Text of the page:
Console.WriteLine("Lifetime value is {0}.", lifetimeValue);
    ((IChannel)_calc).Close();
  }
}

At the server side, you can acquire the backchannel that is pointing to the client-side implementation of the callback handler by using the current OperationContext's GetCallbackChannel() method. You can use this channel just as any regular WCF communication interface.

public class CustomerCalculationService : ICustomerCalculation
{
  public void CalculateLifetimeValue(int customerID)
  {
    ICustomerCalculationCallback _callback = 
      OperationContext.Current.
         GetCallbackChannel<ICustomerCalculationCallback>();

    System.Threading.Thread.Sleep(1000);
    _callback.PercentCompleted(25);
    System.Threading.Thread.Sleep(1000);
    _callback.PercentCompleted(50);
    System.Threading.Thread.Sleep(1000);
    _callback.PercentCompleted(75);
    System.Threading.Thread.Sleep(1000);
    _callback.PercentCompleted(100);

    _callback.CalculationCompleted(19344);
  }
}

When running this code, you will see that the call to CalculateLifetimeValue() completes immediately so that the client does not have to wait for completion of the long running operation. Whenever the server has new information it will instead invoke a method on the callback channel so that the client can asynchronously react on it.

Passing Object Graphs the Way Remoting Did

As I've mentioned above, there is one critical area where the behavior of .NET Remoting differs substantially from the way WCF works: the passing of object graphs. To illustrate this, let's take a look at how the Customer object I've used throughout the samples above has been populated on the client side:

Customer cust = new Customer();
cust.Firstname = "John";
cust.Lastname = "Doe";
cust.DefaultBillingAddress = new Address();
cust.DefaultBillingAddress.Street = "One Microsoft Way";
cust.DefaultDeliveryAddress = cust.DefaultBillingAddress;

On the client side, the fields DefaultBillingAddress and DefaultDeliveryAddress reference the same Address object. If you would pass this object over a .NET Remoting boundary, the same thing would be true on the server side: only one instance of the type Address would exist and both of the customer's addressing fields would reference this same instance.

This is, however, not the case when using WCF. The reason is that there is simply no standardized way of passing internal references in an object graph in an interoperable way. A possible Java client might have a hard time figuring out your intention as the underlying XML transfer format is intrinsically hierarchical and not graph/network- oriented. As cross-platform interoperability has been one of WCF's design goals, it therefore doesn't support the "old" semantics of .NET Remoting out of the box.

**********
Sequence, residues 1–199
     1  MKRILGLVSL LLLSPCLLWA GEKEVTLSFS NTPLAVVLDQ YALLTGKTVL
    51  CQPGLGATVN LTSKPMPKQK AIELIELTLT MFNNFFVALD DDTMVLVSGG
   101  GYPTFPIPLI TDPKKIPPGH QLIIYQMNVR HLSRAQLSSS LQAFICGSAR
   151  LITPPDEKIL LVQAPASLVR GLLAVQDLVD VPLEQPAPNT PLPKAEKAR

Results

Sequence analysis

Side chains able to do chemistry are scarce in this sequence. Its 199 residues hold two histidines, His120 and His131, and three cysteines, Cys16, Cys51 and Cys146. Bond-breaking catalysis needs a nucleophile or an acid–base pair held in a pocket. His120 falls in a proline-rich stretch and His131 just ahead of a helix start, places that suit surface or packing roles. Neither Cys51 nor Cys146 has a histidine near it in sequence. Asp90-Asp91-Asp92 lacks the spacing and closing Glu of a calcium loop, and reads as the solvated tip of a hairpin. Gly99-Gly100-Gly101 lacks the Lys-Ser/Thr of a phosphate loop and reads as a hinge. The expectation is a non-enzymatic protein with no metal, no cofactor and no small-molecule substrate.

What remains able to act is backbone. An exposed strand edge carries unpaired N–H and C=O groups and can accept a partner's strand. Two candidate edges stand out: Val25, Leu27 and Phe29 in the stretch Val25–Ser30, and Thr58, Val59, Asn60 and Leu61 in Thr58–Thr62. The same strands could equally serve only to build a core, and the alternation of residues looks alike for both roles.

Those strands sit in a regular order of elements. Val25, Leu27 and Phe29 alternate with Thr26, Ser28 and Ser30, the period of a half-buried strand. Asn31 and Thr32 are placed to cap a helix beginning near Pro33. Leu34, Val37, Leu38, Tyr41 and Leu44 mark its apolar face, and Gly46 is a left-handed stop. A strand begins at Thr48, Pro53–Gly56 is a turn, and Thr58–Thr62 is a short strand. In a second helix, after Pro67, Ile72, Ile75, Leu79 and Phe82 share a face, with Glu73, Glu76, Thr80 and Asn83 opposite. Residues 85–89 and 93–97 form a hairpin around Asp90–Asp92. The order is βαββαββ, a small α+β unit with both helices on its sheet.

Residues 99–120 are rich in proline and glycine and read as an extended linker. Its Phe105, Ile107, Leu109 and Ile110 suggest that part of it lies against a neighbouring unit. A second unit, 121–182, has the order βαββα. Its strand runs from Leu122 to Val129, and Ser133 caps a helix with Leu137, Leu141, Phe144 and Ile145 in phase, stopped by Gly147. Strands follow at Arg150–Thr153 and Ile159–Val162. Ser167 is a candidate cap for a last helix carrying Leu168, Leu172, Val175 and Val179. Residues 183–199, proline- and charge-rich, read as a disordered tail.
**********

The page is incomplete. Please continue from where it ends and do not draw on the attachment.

Fortunately, the underlying serializer has been built with flexibility in mind. If you don't care about interoperability—which will be the case for most .NET Remoting based applications—then you can change this behavior by using one of WCF's extensibility points, a DataContractSerializerOperationBehavior. Without going into the details of how this extensibility point works internally, let me first present you the complete source code for one possible implementation (which I first learned about at the weblog of the WCF team member Sowmy Srinivasan):

public class PreserveReferencesOperationBehavior:    
   DataContractSerializerOperationBehavior
{

  public PreserveReferencesOperationBehavior (
    OperationDescription operationDescription)
    : base(operationDescription) { }

  public override XmlObjectSerializer CreateSerializer(
    Type type, string name, string ns, IList<Type> knownTypes)
  {
    return CreateDataContractSerializer(type, name, ns, knownTypes);
  }

  private static XmlObjectSerializer CreateDataContractSerializer(
    Type type, string name, string ns, IList<Type> knownTypes)
  {
    return CreateDataContractSerializer(type, name, ns, knownTypes);
  }

  public override XmlObjectSerializer CreateSerializer(
    Type type, XmlDictionaryString name, XmlDictionaryString ns,
    IList<Type> knownTypes)
  {
    return new DataContractSerializer(type, name, ns, knownTypes,
        0x7FFF,
        false,
        true /* preserveObjectReferences */,
        null);
  }
}

The main magic happens in the overridden method CreateSerializer() that passes true as the value for preserveObjectReferences to configure the underlying serializer to support internal object references.